Tag Archives: Turkey

Turkey’s Attempt to Mop up Mattress Gold

This blog post is a guest post on BullionStar's Blog by the renowned blogger JP Koning who will be writing about monetary economics, central banking and gold. BullionStar does not endorse or oppose the opinions presented but encourage a healthy debate.

The Turkish government, in particular its central bank, has a relatively unique relationship to gold. Few governments directly involve themselves in the gold market as much as Turkey's. This post provides a short review of this relationship.

Gold is popular in Turkey. According to a 2015 report by the World Gold Council, Turkey generally accounts for around 6% of global gold consumer demand. It is further estimated that there are around 3,500 tons of under-the-mattress gold in Turkey, which makes Turkey one of the largest gold sinks in the world. The existence of this "mattress gold" is believed to inhibit the growth of bank intermediation. By encouraging Turks to bring their gold to banks to be deposited, Turkish authorities believe that overall engagement with banks will increase, presumably leading to faster economic growth. Notably, India has also been very aggressive in trying to bring "idle" gold into the banking system, having launched a gold monetization scheme in 2015.

Required reserves in the form of gold

The nation's central bank, the Central Bank of the Republic of Turkey (CBRT), has become particularly active in the campaign to draw gold into the banking system. It does so by allowing central banks to keep some portion of their required reserves in the form of gold. Let's unpack the idea of reserve requirements a bit more. Central banks often (though not always) require deposit-taking commercial banks to permanently freeze a fixed amount of reserves at the central bank. (Canada for instance has no reserve requirements). A central bank that imposes reserve requirements typically remunerates reserves at a below-market rate, sometimes 0%. Required reserves therefore function as a tax on the banking system. If banks weren't required to keep funds in their central bank accounts, they would be investing the funds elsewhere at a higher rate.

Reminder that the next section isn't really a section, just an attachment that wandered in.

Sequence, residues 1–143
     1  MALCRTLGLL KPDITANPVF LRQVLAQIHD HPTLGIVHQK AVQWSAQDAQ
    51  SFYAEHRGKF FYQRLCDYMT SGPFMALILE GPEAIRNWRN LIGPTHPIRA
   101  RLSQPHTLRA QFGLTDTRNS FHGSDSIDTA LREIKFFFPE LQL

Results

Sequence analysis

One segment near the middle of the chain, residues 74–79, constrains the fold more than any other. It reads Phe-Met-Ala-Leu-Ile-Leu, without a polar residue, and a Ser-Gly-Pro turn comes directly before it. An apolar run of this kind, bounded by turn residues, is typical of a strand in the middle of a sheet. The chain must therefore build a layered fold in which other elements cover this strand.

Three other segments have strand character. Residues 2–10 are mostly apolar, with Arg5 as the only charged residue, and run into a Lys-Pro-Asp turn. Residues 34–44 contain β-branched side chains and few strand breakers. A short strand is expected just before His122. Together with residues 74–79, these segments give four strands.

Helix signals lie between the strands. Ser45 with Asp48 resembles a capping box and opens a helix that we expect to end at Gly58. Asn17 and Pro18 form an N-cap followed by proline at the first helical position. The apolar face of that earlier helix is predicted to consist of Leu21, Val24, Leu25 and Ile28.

Turkish banks were cut some slack in 2011 when the CBRT implemented a special program called the Reserve Option Mechanism, or ROM. Instead of requiring that banks meet their entire reserve requirement by holding poorly-compensated Turkish lira funds at the CBRT, the Reserve Option Mechanism allowed them to satisfy up to 30% of their requirements by depositing gold at the central bank. This offer was quickly taken up by Turkish banks, who began to deposit gold up to the maximum allowed amount. The chart below  illustrates the popularity of the ROM. The 30% tranche, which was introduced in stages starting with a 10% tranche in 2011 and subsequently boosted to 20% and then 25% in 2012, has almost always been used to its full capacity.

Utilization of the CBRT's Gold Reserve Option Mechanism (Source)

Given Turkish banks' eagerness to deposit gold, it is fair to say that the Reserve Option Mechanism offered banks a cheaper alternative for meeting reserve requirements than the traditional avenue of borrowing Turkish lira funds and keeping them on deposit at the CBRT. Put differently, the gold option has provided bankers with a route for reducing the size of the tax imposed on the banking sector by reserve requirements.

Gold deposit accounts

To help attract the necessary gold, Turkish banks began to offer the public the option of opening gold deposit accounts. These accounts can either be current deposit accounts, which can be withdrawn at anytime, or time deposit accounts, which are locked in for a period of time. Time deposits are remunerated. HSBC Turkey, for instance, currently pays gold depositors 1.25% for a one-year fixed deposit, as illustrated below. In effect, the tax break that the CBRT provides banks via the Reserve Option Mechanism is being shared with the Turkish public in the form of interest.